Albert Quay terminus, Cork city, 1850s-1960s-2012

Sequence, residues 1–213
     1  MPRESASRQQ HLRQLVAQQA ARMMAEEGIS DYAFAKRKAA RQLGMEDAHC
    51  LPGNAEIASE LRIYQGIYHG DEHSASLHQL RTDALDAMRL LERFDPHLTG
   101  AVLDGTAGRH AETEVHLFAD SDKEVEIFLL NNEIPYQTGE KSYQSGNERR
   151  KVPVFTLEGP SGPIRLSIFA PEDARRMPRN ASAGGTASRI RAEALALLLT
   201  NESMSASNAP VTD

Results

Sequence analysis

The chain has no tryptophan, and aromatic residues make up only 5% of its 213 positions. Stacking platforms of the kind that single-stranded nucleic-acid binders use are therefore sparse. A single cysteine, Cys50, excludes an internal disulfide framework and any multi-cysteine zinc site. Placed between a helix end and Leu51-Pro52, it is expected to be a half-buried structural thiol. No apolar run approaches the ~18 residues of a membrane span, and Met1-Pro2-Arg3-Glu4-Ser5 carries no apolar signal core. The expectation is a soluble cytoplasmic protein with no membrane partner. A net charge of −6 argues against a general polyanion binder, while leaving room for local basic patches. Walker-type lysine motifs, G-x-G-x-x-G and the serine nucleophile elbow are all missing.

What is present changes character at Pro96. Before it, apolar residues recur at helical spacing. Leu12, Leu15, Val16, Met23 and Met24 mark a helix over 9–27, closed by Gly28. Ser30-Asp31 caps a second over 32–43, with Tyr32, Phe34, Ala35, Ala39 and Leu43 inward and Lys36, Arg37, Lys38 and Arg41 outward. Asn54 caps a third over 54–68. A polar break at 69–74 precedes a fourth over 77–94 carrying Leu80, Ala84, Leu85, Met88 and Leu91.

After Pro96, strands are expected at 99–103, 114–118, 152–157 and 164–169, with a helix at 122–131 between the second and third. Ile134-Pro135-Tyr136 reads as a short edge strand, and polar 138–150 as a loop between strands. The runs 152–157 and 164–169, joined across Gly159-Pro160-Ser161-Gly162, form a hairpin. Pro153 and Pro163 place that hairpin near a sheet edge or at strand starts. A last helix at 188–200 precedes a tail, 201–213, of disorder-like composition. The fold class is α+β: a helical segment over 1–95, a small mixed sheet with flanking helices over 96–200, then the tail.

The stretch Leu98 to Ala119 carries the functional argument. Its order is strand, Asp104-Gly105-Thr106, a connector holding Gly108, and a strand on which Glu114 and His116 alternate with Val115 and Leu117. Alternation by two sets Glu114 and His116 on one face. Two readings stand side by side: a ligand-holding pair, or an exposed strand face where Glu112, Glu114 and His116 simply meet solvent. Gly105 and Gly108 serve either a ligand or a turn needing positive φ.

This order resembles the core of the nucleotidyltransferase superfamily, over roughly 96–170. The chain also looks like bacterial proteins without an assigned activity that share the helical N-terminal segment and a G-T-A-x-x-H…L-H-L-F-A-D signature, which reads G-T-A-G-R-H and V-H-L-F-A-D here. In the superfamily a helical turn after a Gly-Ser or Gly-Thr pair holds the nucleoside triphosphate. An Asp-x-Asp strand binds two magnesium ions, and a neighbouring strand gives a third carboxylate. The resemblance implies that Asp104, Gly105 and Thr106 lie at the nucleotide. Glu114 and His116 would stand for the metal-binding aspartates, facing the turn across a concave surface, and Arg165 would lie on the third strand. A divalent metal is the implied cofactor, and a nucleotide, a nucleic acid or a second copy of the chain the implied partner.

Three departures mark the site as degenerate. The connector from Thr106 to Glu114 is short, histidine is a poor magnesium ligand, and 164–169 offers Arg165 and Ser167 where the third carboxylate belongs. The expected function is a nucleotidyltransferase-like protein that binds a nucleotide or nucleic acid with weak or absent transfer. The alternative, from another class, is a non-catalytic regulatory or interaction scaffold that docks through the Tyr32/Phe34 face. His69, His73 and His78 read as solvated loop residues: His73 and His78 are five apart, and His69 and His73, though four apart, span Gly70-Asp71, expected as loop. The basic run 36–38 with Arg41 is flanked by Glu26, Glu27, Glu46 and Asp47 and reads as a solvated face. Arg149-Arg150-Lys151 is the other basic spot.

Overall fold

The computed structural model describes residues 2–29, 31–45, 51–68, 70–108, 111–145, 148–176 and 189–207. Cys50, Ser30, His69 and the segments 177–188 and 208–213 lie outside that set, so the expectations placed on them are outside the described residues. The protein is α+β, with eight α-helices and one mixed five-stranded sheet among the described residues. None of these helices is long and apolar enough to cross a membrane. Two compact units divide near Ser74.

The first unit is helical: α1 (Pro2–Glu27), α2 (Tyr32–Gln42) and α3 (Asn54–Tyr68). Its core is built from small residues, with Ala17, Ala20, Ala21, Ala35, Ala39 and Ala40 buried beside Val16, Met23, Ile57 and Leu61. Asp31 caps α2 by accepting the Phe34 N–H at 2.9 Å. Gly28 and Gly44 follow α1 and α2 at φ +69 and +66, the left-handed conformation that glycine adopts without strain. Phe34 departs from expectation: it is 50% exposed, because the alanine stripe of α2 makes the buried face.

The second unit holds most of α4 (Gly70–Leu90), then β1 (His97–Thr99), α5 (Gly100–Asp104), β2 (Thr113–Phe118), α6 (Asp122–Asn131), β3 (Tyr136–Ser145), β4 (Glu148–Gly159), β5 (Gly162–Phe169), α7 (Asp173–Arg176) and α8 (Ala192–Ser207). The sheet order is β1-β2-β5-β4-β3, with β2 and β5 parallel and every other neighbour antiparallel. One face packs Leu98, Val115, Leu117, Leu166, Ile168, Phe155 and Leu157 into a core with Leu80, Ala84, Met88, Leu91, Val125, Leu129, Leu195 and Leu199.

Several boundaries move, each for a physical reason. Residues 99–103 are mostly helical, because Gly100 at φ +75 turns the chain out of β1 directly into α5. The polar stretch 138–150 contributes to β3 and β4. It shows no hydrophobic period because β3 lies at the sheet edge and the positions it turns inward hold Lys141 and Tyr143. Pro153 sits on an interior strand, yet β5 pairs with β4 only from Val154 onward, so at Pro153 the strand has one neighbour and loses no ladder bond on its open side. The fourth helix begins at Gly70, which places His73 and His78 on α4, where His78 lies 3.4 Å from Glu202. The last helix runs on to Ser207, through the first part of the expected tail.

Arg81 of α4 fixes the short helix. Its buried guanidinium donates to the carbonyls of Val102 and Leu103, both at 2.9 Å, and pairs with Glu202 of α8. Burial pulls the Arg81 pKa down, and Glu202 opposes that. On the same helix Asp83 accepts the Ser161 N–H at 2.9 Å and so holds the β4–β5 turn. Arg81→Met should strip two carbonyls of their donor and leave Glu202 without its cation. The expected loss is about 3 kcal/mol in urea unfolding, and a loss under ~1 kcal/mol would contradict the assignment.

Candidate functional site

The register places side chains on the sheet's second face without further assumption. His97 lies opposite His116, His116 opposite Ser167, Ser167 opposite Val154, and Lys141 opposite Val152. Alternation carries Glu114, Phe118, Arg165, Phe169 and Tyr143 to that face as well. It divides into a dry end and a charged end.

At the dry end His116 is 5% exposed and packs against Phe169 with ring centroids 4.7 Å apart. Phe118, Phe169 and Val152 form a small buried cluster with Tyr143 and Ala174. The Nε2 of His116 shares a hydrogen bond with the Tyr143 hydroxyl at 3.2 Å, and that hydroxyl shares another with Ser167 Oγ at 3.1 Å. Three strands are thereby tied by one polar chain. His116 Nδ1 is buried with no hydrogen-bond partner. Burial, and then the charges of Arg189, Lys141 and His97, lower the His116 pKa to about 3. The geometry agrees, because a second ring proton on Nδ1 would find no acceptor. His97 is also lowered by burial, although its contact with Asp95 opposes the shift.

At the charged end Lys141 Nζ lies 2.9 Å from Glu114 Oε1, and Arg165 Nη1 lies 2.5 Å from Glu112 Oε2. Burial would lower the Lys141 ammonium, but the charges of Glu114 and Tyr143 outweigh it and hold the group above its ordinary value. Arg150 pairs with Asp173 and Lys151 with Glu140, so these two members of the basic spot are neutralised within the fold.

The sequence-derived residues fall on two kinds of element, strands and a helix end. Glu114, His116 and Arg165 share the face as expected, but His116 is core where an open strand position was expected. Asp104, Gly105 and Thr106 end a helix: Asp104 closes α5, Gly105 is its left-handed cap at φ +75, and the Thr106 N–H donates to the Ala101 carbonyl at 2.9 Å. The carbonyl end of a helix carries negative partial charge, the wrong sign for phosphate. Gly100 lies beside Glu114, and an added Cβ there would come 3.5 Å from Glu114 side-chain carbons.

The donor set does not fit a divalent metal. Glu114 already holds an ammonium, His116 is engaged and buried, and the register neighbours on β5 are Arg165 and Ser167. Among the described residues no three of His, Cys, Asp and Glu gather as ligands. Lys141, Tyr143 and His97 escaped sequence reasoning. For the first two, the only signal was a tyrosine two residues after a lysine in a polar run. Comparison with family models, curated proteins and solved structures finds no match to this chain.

Albert Quay terminus, Cork city: foundation stone laid in early 1852, some months after the line to Bandon had been opened. Described as ‘nearly complete’, though architecturally ‘a poor affair’ by a contributor to The Builder on 31 July 1852 (vol. 10, no. 495, pp. 481-83). Illustrated in Cusack Patrick Roney’s ‘How to Spend a Month in Ireland’ (1867 ed., though likely to be in earlier editions too). Shown here some photographs taken recently, of the large old water tank (of which only the supporting arches now remain) in a rock cutting, the South Link road where Rocksavage tunnel and cutting once carried the railway out of the city centre, and a terrace of railway housing built by the Cork & Bandon company. Also, photos from the 1950s and 60s, before and after the line closed. Here is the link to the terminus building at Albert Quay, the large water tank, and the row of railway cottages nearby.